George Christie, heir to Glyndebourne opera house and festival, dies at 79

George Christie, who inherited the mantle of caretaker of Glyndebourne, the stately English manor where he expanded beyond his family’s wildest ambitions the curious opera house his father had built, died May 7 at his home in East Sussex. He was 79.

A spokeswoman for Glyndebourne, Vicky Kington, confirmed the death but declined to disclose a cause.

To classical music fans, Glyndebourne is a beloved oddity, the home for the past 80 years to an intimate and celebrated opera festival that began in a display of spousal devotion.

John Christie, Mr. Christie’s well-to-do and eccentric landowning father, opened the opera house in 1934 with the assistance of his wife, Audrey Mildmay, a soprano who became one of the first singers to perform there. (She was pregnant with George at the time.)

From the beginning, there were few other places in the world like Glyndebourne — a theater attached to a family residence and surrounded by gardens where patrons could indulge in picnics and champagne.


George Christie, who led the Glyndebourne opera festival for more than four decades, died May 7 at 79. (Photo by Chris Cormack )

In time, Glyndebourne’s charms and reputation for artistic quality drew increasingly large audiences from the British upper crust. While diminutive in size — John Christie’s original house seated 300 — the enterprise was grandiose in aspirations and showcased stars including Luciano Pavarotti, Ruggero Raimondi, Montserrat Caballé and Frederica von Stade.

John Christie led the operation until 1958, when George, then 23, took over. He recognized the opera house’s shortcomings, including acoustics that reminded one British critic of being “shut up in a matchbox with a bumblebee.” Mr. Christie also understood that the house was too small to accommodate audiences large enough to cover opera’s growing costs.

By the early 1990s, he had decided to remedy both problems with the construction of an entirely new, dramatically larger theater.

“This theater is ill-designed, and the general fabric has reached its sell-by date,” Mr. Christie told the Chicago Tribune. “I have a nostalgic love for the place, but I desperately want to see a better theater here for the longer term. I don’t see Glyndebourne surviving without that.”

Mr. Christie engaged Michael and Patty Hopkins, a husband-and-wife architectural duo, to design a new theater. The facility opened in 1994 at a reported cost of $50 million from private donors. The new construction was widely acclaimed and seats up to 1,200.

Once the home of classic works by composers such as Mozart, the opera house became under Mr. Christie’s leadership a showcase for modern or avant-garde operas such as Alban Berg’s “Lulu,” Leos Janacek’s “The Makropulos Case” and George Gershwin’s “Porgy and Bess.”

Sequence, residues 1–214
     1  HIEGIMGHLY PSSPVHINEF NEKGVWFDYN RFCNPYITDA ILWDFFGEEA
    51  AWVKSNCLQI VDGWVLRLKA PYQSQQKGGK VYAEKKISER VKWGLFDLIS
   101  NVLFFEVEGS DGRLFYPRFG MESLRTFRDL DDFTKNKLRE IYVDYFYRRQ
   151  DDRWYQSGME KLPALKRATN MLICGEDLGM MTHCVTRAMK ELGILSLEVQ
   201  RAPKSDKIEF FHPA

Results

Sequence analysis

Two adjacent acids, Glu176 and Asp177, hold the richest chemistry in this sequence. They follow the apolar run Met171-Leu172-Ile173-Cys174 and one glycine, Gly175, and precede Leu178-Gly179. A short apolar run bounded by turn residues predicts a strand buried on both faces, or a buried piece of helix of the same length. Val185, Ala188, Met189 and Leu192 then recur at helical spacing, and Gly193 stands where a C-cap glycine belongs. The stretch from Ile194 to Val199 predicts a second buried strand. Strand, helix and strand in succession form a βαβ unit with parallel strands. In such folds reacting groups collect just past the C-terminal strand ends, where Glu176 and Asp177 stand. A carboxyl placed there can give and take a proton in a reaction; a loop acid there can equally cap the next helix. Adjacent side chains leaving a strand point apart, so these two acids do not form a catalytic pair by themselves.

There were flops, including an unpopular Peter Sellars production of Mozart’s “The Magic Flute” that placed the story in Los Angeles. And while some patrons regarded the Glyndebourne milieu as elegant, others found it stodgy.

“Black tie is ‘recommended,’ not obligatory for men, but woe betide anyone who turns up in mufti,” a writer noted in the Sunday Times of London. “The looks you get from the assembled penguins are withering.”

Mr. Christie worked to broaden Glyndebourne’s reach by starting a touring opera company in the late 1960s. He also was credited with expanding the theater’s accommodations to include standing room and restricted-view seats for opera lovers who lacked funds for finer perches.

He rejected the notion that Glyndebourne was simply a place to see and be seen for the rich and elite.

“They haven’t gotten where they are without formidable intelligence,” Mr. Christie said of his wealthier audiences. “They are by far and away the most adventurous end of the audience. They come to see a newly commissioned, contemporary piece, where the individual member will not.

“It seems to me that the Glyndebourne audiences have no more ill-educated nincompoops than any other opera audience,” he continued. “This attitude that they do has been fostered by the press, which regards people having wealth as being stupid.”

George William Langham Christie was born Dec. 31, 1934, at his parents’ home on the Glyndebourne estate.

He studied at Trinity College at the University of Cambridge before taking his position with Glyndebourne. He was knighted in 1984 and, upon his retirement in 1999, was succeeded by his son Gus.

Survivors include his wife of 55 years, the former Patricia Mary Nicholson of East Sussex; four children, Hector Christie of Devon, England, Augustus Christie of the Glyndebourne estate, and Ptolemy Christie and Louise Flind, both of East Sussex; and 11 grandchildren.

Upon his death, Mr. Christie was widely praised in the British media for having shared his family’s artistic riches with the public. He had grown up in a world where it was normal to have an opera house attached to one’s home — and to allow others to partake in its pleasures — and his children appeared to have been raised in the same spirit.

“Thank you for having me,” his son Hector was said to have told a friend who invited him over to play. Hector added, “Before I go can I have a look at your opera house?”

Emily Langer is a reporter on The Washington Post’s obituaries desk. She has written about national and world leaders, celebrated figures in science and the arts, and heroes from all walks of life.
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